Is there an association between the use of complementary medicine and vaccine uptake: Results of a pilot study
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- Journal Article
- BMC Research Notes, 2018, 11 (1)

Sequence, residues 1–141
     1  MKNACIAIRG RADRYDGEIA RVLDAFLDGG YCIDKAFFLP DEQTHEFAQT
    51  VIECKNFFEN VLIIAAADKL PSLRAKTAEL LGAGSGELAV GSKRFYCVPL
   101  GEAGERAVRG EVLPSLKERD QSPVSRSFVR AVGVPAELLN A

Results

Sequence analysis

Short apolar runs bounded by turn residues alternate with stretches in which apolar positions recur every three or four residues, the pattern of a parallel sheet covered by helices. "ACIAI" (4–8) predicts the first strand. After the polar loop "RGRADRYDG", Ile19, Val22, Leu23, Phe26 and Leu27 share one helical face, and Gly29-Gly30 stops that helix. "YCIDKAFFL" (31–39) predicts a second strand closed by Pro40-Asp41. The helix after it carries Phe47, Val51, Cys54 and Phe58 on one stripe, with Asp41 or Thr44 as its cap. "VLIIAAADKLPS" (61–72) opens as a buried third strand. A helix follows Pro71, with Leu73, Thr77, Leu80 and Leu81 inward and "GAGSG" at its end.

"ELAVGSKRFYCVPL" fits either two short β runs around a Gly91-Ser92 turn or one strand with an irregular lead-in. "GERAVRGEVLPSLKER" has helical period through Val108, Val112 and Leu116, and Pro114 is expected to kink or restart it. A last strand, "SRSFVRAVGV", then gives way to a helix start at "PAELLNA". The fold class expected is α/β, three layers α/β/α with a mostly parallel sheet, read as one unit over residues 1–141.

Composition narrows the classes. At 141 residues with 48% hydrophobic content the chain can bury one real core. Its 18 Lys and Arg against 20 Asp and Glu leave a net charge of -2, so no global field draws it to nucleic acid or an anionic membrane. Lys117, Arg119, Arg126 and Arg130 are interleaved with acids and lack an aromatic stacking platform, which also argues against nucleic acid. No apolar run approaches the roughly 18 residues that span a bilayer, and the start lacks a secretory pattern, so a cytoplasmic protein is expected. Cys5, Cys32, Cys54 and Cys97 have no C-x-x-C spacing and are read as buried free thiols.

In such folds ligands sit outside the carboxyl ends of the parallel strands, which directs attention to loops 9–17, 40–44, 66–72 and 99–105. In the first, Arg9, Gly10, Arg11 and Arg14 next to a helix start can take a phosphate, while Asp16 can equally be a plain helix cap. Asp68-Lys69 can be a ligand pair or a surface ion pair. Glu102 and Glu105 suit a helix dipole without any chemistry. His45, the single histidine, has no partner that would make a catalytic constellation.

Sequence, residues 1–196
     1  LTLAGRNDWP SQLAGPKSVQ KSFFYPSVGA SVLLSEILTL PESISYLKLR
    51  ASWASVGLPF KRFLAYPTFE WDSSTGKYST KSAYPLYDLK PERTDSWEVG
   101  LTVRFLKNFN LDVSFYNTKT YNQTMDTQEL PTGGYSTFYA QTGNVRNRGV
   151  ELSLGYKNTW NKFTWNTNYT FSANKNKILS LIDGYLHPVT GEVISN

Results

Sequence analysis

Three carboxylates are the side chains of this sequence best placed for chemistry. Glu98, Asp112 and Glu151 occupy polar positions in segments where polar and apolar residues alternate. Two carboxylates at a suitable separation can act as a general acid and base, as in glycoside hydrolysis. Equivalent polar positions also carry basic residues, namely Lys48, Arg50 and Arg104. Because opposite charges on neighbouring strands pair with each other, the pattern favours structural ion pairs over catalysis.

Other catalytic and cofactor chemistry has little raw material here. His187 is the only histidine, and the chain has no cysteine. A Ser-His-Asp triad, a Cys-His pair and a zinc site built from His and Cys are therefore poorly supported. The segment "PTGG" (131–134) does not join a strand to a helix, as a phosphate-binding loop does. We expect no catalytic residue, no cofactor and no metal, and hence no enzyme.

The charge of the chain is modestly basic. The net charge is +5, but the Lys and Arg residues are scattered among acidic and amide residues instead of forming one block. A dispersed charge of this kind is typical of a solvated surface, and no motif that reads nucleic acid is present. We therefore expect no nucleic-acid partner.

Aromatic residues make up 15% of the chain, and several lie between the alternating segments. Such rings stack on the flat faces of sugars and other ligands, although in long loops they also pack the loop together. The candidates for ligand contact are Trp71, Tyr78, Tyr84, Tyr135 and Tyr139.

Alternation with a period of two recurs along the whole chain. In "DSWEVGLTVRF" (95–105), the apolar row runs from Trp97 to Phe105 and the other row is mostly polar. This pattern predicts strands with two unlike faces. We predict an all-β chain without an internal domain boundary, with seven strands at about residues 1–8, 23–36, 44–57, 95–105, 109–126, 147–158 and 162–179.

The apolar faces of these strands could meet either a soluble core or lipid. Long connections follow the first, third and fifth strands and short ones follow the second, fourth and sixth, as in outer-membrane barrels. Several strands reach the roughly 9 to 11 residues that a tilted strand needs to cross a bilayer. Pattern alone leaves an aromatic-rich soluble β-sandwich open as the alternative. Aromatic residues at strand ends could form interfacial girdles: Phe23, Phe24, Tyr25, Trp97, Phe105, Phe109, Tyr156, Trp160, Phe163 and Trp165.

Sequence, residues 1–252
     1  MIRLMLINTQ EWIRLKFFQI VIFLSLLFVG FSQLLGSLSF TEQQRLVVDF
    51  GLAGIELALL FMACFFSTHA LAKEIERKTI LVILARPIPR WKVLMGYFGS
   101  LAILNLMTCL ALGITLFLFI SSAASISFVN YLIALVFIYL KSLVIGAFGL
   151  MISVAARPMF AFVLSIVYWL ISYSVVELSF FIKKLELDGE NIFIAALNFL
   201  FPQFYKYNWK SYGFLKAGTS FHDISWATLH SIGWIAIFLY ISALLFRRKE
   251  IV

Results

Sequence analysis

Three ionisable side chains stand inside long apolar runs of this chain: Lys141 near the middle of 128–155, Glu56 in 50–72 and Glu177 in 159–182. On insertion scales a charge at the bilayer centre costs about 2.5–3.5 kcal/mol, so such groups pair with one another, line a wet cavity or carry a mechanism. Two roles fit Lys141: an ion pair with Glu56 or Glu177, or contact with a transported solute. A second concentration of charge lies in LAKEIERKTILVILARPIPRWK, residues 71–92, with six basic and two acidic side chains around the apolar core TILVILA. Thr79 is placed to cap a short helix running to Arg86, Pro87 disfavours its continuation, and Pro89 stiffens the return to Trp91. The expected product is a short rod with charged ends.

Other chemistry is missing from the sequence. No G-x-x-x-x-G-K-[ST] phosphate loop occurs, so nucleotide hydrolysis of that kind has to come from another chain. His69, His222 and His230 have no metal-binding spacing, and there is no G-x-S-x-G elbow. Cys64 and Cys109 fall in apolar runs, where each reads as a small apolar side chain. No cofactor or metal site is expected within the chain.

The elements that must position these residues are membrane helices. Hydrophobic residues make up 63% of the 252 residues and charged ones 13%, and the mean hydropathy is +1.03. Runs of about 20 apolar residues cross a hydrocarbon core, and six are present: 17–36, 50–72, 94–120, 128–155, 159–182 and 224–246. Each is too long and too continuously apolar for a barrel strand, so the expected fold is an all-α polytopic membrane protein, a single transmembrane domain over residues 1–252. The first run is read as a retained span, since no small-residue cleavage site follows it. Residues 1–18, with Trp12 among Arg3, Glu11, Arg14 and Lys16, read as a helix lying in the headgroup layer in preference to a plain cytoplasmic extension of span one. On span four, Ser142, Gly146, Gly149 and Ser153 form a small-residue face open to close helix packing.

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© 2018 The Author(s). Objective: Despite the incredible success of paediatric immunisation, support is not universal. It has been suggested that complementary medicine practitioners enable vaccine rejection and his study aims to explore the relationship between complementary medicine use and paediatric vaccination. A total of 149 Australian parents were recruited via a parenting website and Facebook groups to complete an online questionnaire. Results: The majority of parents (66.4%) stated that their children's vaccination status was up-to-date. Vaccination status was associated with parental education, area of residence, income, private health insurance, and having a Health Care Card (p < 0.05). Children's vaccinations were more likely to be up-to-date if they had consulted a general practitioner in the previous 12 months (OR 21.75; p < 0.001), and less likely to be up-to-date if they had consulted a complementary medicine practitioner (OR 0.10; p < 0.001) in the same period. Concerns about vaccine safety and efficacy were the most common reasons for a child's immunisation status not being up-to-date. These findings highlight an interface between lower vaccine uptake and visits to complementary medicine practitioners. These results emphasise the need to examine the routine paediatric care practices of complementary medicine practitioners as a crucial piece of the puzzle in understanding vaccine rejection.
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